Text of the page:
We know smoke is bad for you, some like it and do it. If only theists would understand the "bad for you" part. =)

Thanks for posting this Bill, I read it and wanted to post it myself.  I did enjoy reading it.  For me it does exemplify how we hold certain beliefs irregardless to the facts.  We'll make up excuses, we rationalize, we delude ourselves in order not to switch gears and acknowledge that we can be wrong.  Creationism vs evolution is a perfect example of how some refuse to face facts no matter how much evidence there is to the contrary.  

I love fireplaces and now live without one.  I know the smoke and the ash is harmful, but my attraction to the warm hearth of a home is ingrained in me from childhood....  I love the smell of wood smoke...  How many of us know that the juicy cheeseburger we want is not a healthy choice, but eat it anyway?  Why would a rational person do that to themselves?  hummmm....  We're all filled to the brim with not living up to what we know we should, and sometimes simply not believing what's clearly evident because we create our own reasons to go on believing what we want to believe.

I posted a GREAT video that offers some explanation of why we think we are right... 

How do Conservatives and Liberals See the World?

I think I get Harris' point: the persistence of a practice known to be dangerous and obsolete is of the same nature as the tenacity of religious beliefs in the absence of any evidence.

But I don't think it is so. You can actually show a fireplace aficionado the real and present dangers of his practice, with facts, data, experiments, demonstrations. You can't do that with a believer. A believer believes in a mystery, in invisible and intangible forces and agents. How do you demonstrate their absence?

Exactly my thought. =)

Funny though that the religous are always searching for real evidence, just watch the science channel here in the US!  The search for Noah's arc is a constant re-run - haha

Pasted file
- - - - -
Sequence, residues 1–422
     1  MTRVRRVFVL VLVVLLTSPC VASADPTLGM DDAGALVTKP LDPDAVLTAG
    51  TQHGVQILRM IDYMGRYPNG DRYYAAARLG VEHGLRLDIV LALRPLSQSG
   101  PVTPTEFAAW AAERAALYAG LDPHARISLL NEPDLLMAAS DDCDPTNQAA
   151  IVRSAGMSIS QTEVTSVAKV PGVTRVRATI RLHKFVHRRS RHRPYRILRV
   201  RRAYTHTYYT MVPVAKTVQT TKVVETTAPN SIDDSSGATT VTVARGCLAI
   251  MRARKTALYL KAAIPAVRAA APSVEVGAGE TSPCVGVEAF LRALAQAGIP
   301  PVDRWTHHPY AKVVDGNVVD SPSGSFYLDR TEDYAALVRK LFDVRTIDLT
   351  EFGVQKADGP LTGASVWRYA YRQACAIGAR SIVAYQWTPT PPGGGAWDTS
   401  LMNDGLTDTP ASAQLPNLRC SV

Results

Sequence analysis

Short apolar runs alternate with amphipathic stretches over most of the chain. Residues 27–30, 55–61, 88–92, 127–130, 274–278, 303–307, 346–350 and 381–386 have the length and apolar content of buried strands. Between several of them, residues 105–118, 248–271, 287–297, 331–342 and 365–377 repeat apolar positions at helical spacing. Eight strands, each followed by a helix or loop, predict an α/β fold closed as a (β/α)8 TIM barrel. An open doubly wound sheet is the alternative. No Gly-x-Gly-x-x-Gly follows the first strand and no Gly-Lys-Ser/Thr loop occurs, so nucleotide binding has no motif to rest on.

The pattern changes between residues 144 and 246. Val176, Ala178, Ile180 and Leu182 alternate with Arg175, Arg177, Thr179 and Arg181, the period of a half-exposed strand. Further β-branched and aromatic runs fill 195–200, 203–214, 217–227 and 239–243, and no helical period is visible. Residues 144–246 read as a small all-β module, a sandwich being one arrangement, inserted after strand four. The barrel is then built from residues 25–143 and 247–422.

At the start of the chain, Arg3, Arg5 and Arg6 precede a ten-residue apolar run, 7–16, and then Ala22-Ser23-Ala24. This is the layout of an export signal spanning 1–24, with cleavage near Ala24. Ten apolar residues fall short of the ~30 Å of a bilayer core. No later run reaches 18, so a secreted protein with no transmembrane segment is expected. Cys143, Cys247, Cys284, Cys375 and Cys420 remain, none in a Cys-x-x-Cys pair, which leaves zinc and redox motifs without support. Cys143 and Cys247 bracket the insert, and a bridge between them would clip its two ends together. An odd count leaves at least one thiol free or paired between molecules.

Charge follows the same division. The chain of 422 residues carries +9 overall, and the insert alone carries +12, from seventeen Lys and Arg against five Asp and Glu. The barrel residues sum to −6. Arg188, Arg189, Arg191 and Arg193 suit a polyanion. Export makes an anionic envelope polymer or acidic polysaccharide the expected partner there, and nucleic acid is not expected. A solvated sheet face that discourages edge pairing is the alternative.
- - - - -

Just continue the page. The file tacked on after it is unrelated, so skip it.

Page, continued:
On the Nat Geo Channel: 

Mystery of the Murdered Saints

For the first time, the Catholic Church will allow scientific experts to openly test the veracity of the remains of reported saints.

I "know" the facts about how dangerous and obsolete my fireplace is, but I use it anyway. The facts don't change my behavior. The same kind of arguments could be made about eating meat, drinking coffee, or alcohol. I reject the logic of your arguments because I don't want to give up the perceived comfort these things give to me. 

I would agree that facts and reason would be more likely to change my behavior than that of a religious believer, but the point is that it is not guaranteed to change them, just because I call myself a rational thinker.

Harris' compares how tenaciously we all can cling to these little irrationalities, and then use that to illustrate how hard it is to change someone's behavior when their irrationality is so much greater. My main complaint with the article is that the point is so obvious to all of us that it is almost not worth stating. But then again, it just might help someone on the fence. I hope so, anyway.

Well, I do have myself convinced that when they say that two servings a day of wine is good for the body, I take it to mean two bottles. I read once that the longest lived drank 5 to 6 glasses a day, good enough for me. =)

I get the fireplace drift and I'm sure we all have something we indulge in that may not be the best thing for our health. But religion doesn't seem to be the same. Religion has killed, is still killing. Still warping the minds of our friends with delusion supported by fierce tales. 

Religion can be immediate when it takes action. Not like a fifty year affair with a cigar. Plus real things give real comfort. Warmth, happiness, etc. Religion gives fake comfort.

Well, Neal, you're just redefining what a "serving" is :-))

We all end up doing things that are not that good for us. It's all a matter of degree, too. If you feel like using your fireplace, you keep proper ventilation, and you don't overdo it, then it's fine. I don't think you're denying any logic. In an extremely cold night, it may be better to light a fire than not to light a fire, health-wise. The same with eating animal fat, sweets, or with drinking alcohol and coffee. The dose makes the poison.

I say that facts will eventually win over beliefs. Facts are incompressible, they pile up and don't go away. Beliefs twist and flex, they thin out and shred away. When it became established that the Earth was round, most religions had to stretch themselves and include the fact at one point or other. When it was discovered that cigarettes were not good for you, there happened a drastic change in consumption. It's not guaranteed that all smokers will be convinced, but the trend doesn't lie.

It's easier to convert a meat eater to vegetarianism than to rid him of superstition.